Some of the biggest names in technology and property gathered last week for the inaugural Mipim Proptech Europe 2018 conference at the Palais des Congrès in Paris.

Mipim Proptech Europe 2018

Source: S. D’Halloy – Image & Co

Around 1,500 people attended the two-day event, which covered a broad range of topics including artificial intelligence, blockchain, smart cities, big data and the property industry’s changing attitude to tech.

Here are some of the highlights from the event:

Property is still behind

There was an overwhelming feeling that despite growing interest in proptech, property is still years behind when it comes to tech. Angelica Donati, chief executive of Italian developer Donati Immobiliare Group, went so far as to call the property industry “backwards”. When asked about the industry’s reticence, Aaron Block, co-founder of Metaprop, blamed “too many old, white men” sitting comfortably at the heads of real estate companies unwilling to take risks.

However, Alexandre Grellier, chief executive of virtual data room provider Drooms, said that attitudes were changing. He said the financial crisis in 2008 had driven “cowboys” from the industry and encouraged property professionals to embrace innovation.

Customer service

Another area where real estate lags behind is customer service, according to Vincent Pavanello, co-founder of proptech networking group Real Estech. Because there is such high demand for property and such low supply, few working in real estate feel the need to offer the customer a good service, he said. His feeling was that proptech would challenge this old world order.

With innovations such as crowdfunding and offsite construction, it is now easier and cheaper to enter the property market. Lower setup costs mean higher competition and this, in turn, means real estate will have to focus more on customers.

Big data

Alex Edds, director of innovation at JLL, predicted that data could be used to more accurately value property. By having millions of data points about things you had not even considered relevant to a valuation, big data analytics can discover what Edds called the “unknown unknowns”.

Others highlighted how data can now be gathered to help manage buildings better. For example, Donati said that sensors in toilets can automatically order more toilet paper when it gets low. She stressed that technology like this could make it possible for buildings to effectively look after themselves.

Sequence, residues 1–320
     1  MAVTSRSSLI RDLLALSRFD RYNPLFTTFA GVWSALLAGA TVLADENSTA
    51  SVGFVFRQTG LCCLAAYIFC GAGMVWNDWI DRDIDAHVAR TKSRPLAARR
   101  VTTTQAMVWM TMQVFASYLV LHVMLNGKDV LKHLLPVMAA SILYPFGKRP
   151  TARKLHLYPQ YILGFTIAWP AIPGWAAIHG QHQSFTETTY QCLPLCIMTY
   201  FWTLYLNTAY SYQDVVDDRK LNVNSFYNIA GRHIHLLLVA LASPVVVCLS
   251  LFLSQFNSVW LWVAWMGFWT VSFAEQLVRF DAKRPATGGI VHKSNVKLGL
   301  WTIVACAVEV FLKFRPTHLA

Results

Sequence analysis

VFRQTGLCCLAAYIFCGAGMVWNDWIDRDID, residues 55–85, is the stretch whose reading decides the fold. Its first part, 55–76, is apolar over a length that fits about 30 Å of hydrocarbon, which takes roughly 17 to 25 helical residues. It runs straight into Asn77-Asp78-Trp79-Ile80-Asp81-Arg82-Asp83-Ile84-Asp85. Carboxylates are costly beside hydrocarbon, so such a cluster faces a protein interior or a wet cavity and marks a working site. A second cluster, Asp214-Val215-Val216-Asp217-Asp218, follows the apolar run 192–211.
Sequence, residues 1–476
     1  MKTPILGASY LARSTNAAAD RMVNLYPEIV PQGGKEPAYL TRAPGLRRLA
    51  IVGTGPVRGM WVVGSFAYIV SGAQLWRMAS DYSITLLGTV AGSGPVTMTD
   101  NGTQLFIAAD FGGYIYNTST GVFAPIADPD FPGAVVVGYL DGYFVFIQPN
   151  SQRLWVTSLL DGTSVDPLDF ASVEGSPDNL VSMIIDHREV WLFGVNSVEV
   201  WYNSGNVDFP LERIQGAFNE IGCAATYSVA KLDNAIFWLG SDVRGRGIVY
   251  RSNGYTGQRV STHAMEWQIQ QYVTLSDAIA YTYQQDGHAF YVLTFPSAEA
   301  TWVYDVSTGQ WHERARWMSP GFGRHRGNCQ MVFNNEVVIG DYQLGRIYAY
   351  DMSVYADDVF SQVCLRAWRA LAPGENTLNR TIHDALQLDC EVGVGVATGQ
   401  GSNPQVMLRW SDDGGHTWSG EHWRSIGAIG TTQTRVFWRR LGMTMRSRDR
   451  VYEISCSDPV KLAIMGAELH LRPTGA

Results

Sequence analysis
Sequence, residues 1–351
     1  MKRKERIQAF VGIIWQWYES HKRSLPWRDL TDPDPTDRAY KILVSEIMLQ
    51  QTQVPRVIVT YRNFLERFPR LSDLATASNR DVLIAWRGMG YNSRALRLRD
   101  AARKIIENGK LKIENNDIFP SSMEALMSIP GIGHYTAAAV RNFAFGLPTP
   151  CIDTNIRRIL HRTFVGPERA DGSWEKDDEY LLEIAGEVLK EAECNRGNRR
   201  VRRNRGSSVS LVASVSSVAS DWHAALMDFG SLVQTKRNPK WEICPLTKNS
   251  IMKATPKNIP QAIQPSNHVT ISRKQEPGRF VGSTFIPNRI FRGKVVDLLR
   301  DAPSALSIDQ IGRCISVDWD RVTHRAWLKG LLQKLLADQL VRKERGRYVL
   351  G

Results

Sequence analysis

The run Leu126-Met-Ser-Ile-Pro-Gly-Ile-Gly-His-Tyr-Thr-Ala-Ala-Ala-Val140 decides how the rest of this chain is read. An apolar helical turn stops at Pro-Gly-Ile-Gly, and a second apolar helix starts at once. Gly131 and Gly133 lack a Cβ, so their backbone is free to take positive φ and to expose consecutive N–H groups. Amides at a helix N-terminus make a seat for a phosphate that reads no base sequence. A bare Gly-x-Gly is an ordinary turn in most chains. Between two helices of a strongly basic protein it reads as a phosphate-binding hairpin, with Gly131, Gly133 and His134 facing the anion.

However, Rand Hindi, chief executive of voice assistant developer Snips, warned about the privacy issues created by technology that allows a third party to have constant and unfiltered access to everything that happens in an office. Its technology allows companies to build their own voice assistants to guarantee privacy.

Need for speed

Cees van der Spek, chief executive of German developer OVG, highlighted the fact that it took only 13 months to build the Empire State Building 100 years ago. Nowadays, it would probably take more time – not less – to build an equivalent building.

Offsite construction has the potential to speed things up considerably. New technology is also accelerating traditional ways of working in the property industry. Drooms’ Grellier has developed document-reading software that he claims makes the process of due diligence thousands of times faster. As well as this, AI has the potential to quicken the pace of the planning and design process.

Is blockchain overhyped?

One word that inspired both excitement and eye-rolling in equal measure was ‘blockchain’.

For some it is the future of the industry. Michael Sigda from Olarchy, a tech company specialising in blockchain solutions for real estate, predicted that multimillion-pound real estate deals taking place entirely on blockchain could soon become the norm.

Yet Robin Rivaton, co-founder of Real Estech, argued that blockchain was “overhyped” and that it was only one part of the tech revolution happening in property.